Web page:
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July 8th, 2003, 11:17 PM

SINGAPORE -- They wanted to see each other face to face, they said, and to pursue independent lives. And so Ladan and Laleh Bijani, 29-year-old Iranian twins who were born joined at the head, asked doctors to go ahead with a risky operation to separate them.

Neither survived. The sisters died of blood loss Tuesday afternoon within 90 minutes of one another, doctors said, after a team of surgeons at Raffles Hospital in Singapore worked for 50 hours to separate their two brains.

The operation was the first known attempt to separate adult twins joined at the head.

"When we undertook this challenge, we knew the risks were great," Dr. Loo Choon Yong, the hospital's chairman, said at a news conference.

The Bijani sisters had captured the attention and hopes of much of Singapore, which is still recovering from its battle against severe acute respiratory syndrome, the pneumonia-like disease that killed 32 people here. News of the twins' deaths brought tears to the many well wishers who had gathered for a prayer vigil outside the hospital since the operation began on Sunday.

People also wept publicly across Iran when state-run television announced the Bijanis' deaths. The sisters, who had trained as lawyers, were celebrities there, and President Mohammad Khatami had sent the sisters a message and prayed for their well-being before the operation.

The case raised ethical questions within Singapore's medical community about whether doctors should allow patients to undergo such risky procedures. But the twins had asked doctors to go ahead with the operation even after being warned that there was at least a 50 percent chance that one or both would die or suffer severe brain damage.

Alireza Safaian, the twins' adoptive father, said he knew from the moment he heard about the surgery that both sisters would die.

"I was sure they would die and I told everyone about this but the media did not pay attention to what we were saying," he said.

He said he had taken the sisters to Germany when they were 2, and doctors said that one of them would die if surgeons tried to separate them. He sought advice from Ayatollah Khomeini, who was in exile in Najaf those days.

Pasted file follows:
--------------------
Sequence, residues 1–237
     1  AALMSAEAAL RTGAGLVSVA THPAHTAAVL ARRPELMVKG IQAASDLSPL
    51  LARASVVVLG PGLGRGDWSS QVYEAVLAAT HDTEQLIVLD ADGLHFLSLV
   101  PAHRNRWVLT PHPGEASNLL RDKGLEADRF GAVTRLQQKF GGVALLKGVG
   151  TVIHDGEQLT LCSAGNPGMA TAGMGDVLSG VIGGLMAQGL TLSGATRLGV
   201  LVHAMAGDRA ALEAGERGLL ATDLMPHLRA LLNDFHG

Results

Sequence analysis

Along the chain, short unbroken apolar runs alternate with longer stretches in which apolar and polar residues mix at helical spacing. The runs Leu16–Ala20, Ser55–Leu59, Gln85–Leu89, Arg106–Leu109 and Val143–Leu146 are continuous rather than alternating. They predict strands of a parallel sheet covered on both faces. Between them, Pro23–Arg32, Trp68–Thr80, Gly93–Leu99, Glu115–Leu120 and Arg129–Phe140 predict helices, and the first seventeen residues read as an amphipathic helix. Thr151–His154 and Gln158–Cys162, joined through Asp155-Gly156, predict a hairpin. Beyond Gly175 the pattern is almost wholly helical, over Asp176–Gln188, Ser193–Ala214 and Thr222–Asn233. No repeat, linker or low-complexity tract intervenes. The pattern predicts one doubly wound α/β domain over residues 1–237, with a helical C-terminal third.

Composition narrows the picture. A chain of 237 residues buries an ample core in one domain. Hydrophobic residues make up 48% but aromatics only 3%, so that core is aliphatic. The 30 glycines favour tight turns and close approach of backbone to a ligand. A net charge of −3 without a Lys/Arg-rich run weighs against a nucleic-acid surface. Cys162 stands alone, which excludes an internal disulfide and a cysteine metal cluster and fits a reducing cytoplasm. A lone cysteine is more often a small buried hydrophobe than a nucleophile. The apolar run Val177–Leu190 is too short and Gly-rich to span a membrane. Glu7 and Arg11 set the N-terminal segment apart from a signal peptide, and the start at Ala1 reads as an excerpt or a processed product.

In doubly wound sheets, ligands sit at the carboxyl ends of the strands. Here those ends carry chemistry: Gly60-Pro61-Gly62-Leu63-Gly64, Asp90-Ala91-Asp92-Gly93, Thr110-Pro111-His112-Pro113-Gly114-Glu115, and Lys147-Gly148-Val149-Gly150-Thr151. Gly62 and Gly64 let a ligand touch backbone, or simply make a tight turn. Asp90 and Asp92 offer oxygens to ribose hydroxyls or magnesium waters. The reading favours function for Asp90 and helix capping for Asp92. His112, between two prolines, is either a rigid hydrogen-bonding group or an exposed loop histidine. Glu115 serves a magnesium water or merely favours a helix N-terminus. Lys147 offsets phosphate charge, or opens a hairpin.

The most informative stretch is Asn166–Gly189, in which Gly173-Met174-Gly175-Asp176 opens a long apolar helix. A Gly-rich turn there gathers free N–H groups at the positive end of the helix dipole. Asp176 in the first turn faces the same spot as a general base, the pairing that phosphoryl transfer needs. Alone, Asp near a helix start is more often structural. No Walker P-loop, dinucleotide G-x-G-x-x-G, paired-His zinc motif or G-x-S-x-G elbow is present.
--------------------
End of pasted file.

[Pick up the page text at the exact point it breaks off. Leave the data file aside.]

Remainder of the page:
"He was not a doctor but was close to God," Safaian said. Khomeini said the surgery was not religiously permissible and would be considered murder since doctors knew in advance that one twin might die.

Safaian and his son and daughter, who grew up with the sisters, wept on Tuesday as they watched an old videotape of Ladan and Laleh at the welfare institute in Tehran where Safaian works. Safaian said that the twins had led normal lives before the surgery. They lived alone for the past two years, did their own shopping and cooked for as many as 20 guests, he said.

"They were victims of a big propaganda in Iran and Singapore," Safaian said. "They were used as laboratory mice. I read about the surgery three months ago but the ones who convinced them to go through with it did not let them come see us. Now my girls are gone and there is nothing I can do to bring them back."

The twins' biological father, Dadollah Bijani of Firouzabad village in southern Iran, told an Iranian newspaper that he had tried to talk them out of the surgery but that their minds were made up.

.Similar operations have been reported on 30 to 40 sets of infants and young children since the 1920s. The death rate has been high, about 50 percent, and many survivors have suffered brain damage.

Guatemalan twins, now 2 years old, who were separated last August by surgeons at the University of California at Los Angeles, still require physical and occupational therapy, and one suffered a neurological setback after contracting meningitis after returning to Guatemala, a spokeswoman for the hospital said. Doctors at Medical City Hospital in Dallas are now making plans to separate 2-year-old twin brothers from Egypt.

In 2001, doctors in Singapore succeeded in separating twin infants born in Nepal. That operation helped put Singapore -- and the neurosurgeon who led it, Dr. Keith Goh -- on the map of cutting-edge medical centers.

Complicating the Bijani sisters' case was that their brains had grown closely intertwined over the years and shared a major vein. In 1996, German doctors turned down their request for an operation, saying the shared vein made surgery too dangerous.